FIG. 5 is a cross-sectional view of another embodiment of a self-recycling actuator, according to this invention, employing a diaphragm, and

FIG. 6 is a cross-sectional view, of another embodiment of a self-recycling actuator, according to this invention, having two diaphragms.

The valve 10 chosen to illustrate this invention and shown in FIGS. l-4, includes a valve body comprising sections 11, and 12, and an end cap or actuator housing 13 all of which are fastened together by bolts 14 extending through all of the sections and threaded into main section 11. Bolts 14 also secure a retaining piece 15 to the top of end cap 13.

Body section 11 is formed with an inlet port 19, an outlet port 20, both adapted for connection to conduits, an orifice 21 between these two ports, and a valve seat 22 surrounding the orifice. A diaphragm 23 formed of a suitable flexible and resilient material, such as rubber, extends above the orifice 21, the margin of the diaphragm being sandwiched between the body sections 1 l and 12. A main valve member 24 carried by the diaphragm 23 is movable into and out of engagement with the valve seat 22 to close and open the main valve, respectively.

Above diaphragm 23 is a chamber 27 communicating with the inlet port 19 via a small hole 28 in diaphragm 23. Within chamber 27 is a compression spring 29 seated at its lower end upon valve member 24, and at its upper end against the flange portion of a pilot valve spring seat member 30. Spring 29 I presses the flange portion of member 30 against the top wall 31 of chamber 27. When chamber 27 is filled with fluid at the inlet pressure, the fluid force against the upper face of diaphragm 23 combined with the force of spring 29 keeps valve member 24 upon seat 22 and closes the main valve, as shown in FIG. 1. If the pressure in chamber 27 is relieved, the inlet pressure acting on the lower face of diaphragm 23 lifts the diaphragm and valve member (FIG. 3) and the main valve remains open as long as the pressure in chamber 27 remains relatively low.

The pressure in chamber 27 is controlled by a pilot valve, to be described now. A large bore 33 extends upwardly from the top wall 31 of chamber 27, and a smaller bore 34 extends upwardly from the top wall of bore 33. The area of the bore 33 top wall surrounding bore 34 serves as a pilot valve seat 32. A lateral bore 35 extends between bore 34, at a point above seat 32, and a vent opening at the exterior surface of body section 12, which opens into a low pressure region such as the at mosphere.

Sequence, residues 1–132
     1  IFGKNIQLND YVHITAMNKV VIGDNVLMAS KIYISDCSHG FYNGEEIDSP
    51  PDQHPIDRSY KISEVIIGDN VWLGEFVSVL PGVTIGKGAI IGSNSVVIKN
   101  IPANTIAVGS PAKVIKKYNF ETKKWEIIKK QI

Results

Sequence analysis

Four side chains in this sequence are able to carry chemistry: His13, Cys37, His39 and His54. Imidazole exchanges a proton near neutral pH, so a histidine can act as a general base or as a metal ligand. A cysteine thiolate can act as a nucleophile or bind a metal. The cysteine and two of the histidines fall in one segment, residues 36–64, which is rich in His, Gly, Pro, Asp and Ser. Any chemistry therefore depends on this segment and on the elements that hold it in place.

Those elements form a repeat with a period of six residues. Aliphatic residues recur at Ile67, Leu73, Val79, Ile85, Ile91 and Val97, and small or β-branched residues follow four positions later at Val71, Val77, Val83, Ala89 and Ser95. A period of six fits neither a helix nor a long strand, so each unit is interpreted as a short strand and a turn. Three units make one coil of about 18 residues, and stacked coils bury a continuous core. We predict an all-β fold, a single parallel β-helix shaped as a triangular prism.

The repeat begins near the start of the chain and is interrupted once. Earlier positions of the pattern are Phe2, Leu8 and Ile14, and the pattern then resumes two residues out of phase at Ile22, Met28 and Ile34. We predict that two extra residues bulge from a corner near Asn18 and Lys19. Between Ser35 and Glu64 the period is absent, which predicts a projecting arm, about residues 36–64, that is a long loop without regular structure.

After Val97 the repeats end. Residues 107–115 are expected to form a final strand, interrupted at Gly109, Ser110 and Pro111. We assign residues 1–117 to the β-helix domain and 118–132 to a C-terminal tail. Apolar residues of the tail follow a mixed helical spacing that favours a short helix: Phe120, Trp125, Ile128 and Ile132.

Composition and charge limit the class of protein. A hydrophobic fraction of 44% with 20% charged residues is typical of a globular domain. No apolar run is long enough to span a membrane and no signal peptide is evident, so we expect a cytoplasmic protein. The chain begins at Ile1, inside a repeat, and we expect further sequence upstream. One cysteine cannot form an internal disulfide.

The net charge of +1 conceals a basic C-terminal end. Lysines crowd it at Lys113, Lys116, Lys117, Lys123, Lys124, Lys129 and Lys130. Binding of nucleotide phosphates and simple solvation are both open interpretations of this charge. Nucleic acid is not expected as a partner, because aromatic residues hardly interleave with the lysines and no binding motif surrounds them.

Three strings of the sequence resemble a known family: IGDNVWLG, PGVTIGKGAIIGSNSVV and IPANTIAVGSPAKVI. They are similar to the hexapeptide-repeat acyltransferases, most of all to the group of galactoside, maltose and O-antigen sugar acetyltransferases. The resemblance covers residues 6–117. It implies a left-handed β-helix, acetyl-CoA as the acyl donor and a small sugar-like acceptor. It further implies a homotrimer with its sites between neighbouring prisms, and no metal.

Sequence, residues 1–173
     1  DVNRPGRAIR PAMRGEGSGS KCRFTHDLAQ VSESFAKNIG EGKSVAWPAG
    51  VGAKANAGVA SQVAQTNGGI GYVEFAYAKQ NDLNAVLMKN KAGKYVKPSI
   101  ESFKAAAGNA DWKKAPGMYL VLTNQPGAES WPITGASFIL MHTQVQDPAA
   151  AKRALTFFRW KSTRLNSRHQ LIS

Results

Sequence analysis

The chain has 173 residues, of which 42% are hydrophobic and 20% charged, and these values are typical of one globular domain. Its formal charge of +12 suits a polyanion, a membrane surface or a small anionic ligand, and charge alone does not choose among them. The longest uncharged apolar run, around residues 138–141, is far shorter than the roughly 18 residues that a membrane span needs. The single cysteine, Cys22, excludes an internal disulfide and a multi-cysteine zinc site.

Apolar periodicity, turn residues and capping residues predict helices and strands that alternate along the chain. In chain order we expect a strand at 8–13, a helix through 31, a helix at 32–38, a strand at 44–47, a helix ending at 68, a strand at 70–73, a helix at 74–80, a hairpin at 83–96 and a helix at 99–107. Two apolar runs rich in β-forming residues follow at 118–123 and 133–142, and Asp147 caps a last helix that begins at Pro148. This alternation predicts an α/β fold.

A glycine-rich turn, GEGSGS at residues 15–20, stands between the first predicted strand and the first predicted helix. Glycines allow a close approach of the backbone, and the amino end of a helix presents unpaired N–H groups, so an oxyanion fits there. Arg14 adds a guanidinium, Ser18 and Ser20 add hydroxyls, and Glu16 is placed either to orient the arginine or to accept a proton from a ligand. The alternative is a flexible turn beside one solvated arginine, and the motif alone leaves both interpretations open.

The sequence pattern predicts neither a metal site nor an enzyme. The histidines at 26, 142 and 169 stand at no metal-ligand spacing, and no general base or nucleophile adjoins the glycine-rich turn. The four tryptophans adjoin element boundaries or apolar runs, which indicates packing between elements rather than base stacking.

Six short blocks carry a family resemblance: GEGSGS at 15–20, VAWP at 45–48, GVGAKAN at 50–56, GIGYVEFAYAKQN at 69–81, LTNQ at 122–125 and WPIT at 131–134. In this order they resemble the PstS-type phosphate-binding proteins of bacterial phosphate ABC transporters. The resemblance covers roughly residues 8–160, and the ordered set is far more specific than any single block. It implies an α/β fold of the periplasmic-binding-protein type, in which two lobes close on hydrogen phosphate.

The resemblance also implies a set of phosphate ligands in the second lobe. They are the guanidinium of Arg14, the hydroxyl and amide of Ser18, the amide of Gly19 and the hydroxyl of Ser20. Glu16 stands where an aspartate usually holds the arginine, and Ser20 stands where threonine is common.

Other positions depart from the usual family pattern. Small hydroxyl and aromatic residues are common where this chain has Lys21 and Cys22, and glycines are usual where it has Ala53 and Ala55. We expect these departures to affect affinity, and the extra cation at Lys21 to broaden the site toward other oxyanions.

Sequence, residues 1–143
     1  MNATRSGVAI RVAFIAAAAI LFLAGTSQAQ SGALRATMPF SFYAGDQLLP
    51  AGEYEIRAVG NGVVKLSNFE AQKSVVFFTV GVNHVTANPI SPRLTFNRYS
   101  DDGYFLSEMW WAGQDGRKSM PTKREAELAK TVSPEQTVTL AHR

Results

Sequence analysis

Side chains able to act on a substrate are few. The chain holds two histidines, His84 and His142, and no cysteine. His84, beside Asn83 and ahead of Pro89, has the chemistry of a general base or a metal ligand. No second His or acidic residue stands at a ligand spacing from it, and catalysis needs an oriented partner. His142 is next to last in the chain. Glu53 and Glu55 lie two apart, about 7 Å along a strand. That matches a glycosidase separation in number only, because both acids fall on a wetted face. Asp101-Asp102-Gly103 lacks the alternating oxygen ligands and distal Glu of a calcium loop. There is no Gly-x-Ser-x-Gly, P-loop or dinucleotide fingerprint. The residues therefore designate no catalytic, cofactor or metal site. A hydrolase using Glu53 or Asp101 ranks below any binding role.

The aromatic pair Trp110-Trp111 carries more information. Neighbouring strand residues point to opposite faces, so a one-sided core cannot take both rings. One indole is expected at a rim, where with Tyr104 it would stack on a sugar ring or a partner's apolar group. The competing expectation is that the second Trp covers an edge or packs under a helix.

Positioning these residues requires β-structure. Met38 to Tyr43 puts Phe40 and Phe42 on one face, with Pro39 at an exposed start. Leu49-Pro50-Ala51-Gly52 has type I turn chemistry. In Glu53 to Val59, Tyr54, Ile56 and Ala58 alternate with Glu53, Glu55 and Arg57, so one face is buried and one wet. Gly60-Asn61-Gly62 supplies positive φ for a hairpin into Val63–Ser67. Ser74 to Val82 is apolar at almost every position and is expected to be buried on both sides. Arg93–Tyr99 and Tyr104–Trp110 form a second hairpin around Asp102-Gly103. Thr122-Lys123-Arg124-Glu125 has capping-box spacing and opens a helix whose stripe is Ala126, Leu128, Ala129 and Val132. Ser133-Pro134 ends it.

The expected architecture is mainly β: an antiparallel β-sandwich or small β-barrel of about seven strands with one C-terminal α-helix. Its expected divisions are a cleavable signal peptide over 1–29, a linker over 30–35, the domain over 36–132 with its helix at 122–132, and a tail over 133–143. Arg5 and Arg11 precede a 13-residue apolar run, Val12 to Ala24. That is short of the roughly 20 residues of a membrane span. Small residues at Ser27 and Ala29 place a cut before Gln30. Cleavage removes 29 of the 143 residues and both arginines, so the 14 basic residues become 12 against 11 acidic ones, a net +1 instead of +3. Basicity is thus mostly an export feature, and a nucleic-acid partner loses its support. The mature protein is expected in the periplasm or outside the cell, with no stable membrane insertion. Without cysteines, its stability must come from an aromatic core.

A pilot valve member 36 within bore 33 is movable toward and away from valve seat 32 to close and open the pilot valve, respectively, i.e., to prevent and establish, respectively, communication between chamber 27 and the vent opening at the outer end of bore 35, via hole 39 in member 30, and bores 33 and 34. Within bore 33 is a compression spring 37 seated at its upper end against pilot valve member 36 and at its lower end against member 30. A stem 38 is slidably arranged within bore 34, the upper end of the stem having a diameter slightly smaller than the diameter of bore 34, and the lower end of the stem having a reduced diameter to permit free communication through bore 34 between bore 33 and bore 35.

When chamber 27 is filled with fluid at the inlet pressure, the fluid force against the lower face of pilot valve 36 combined with the force of spring 37 keeps valve member 36 upon seat 32 and closes the pilot valve, as shown in FIG. 1. If stem 38 is shifted downwardly (FIG. 3), pilot valve member 36 is pushed away from seat 32, against the force of spring 37 and the fluid force, thereby opening the pilot valve, and allowing the fluid above diaphragm 23 to rush out of chamber 27 through bores 33, 34, and 35, thereby permitting the main valve member 24 to open.

The positioning of pilot valve stem 38 is controlled by the self-recycling actuator, to be described now. Passages 41 and 42 in valve body sections 11 and 12 respectively effect communication between inlet port 19 and an orifice 43 surrounded by a valve seat 44 formed at the top of valve body section 12. A diaphragm 40, the margin of which is sandwiched between body section 12 and end cap 13, is held against valve seat 44 by a compression spring 45, The lower end of spring 45 is seated within a cup 46 bearing against the upper face of diaphragm 40, and the region above diaphragm 40 is open to the atmosphere through hole 47.

When the pressure of the fluid in passage 42 exerts a force on diaphragm 40 great enough to overcome the force exerted by spring 45, diaphragm 40 is lifted off valve seat 44 (FIG. 3) and the fluid in passage 42 flows into annular region 51 and thence through passages 52, 53, 54 and 55, in the valve body section 12 and end cap 13, to the inlet orifice 56 of the actuator.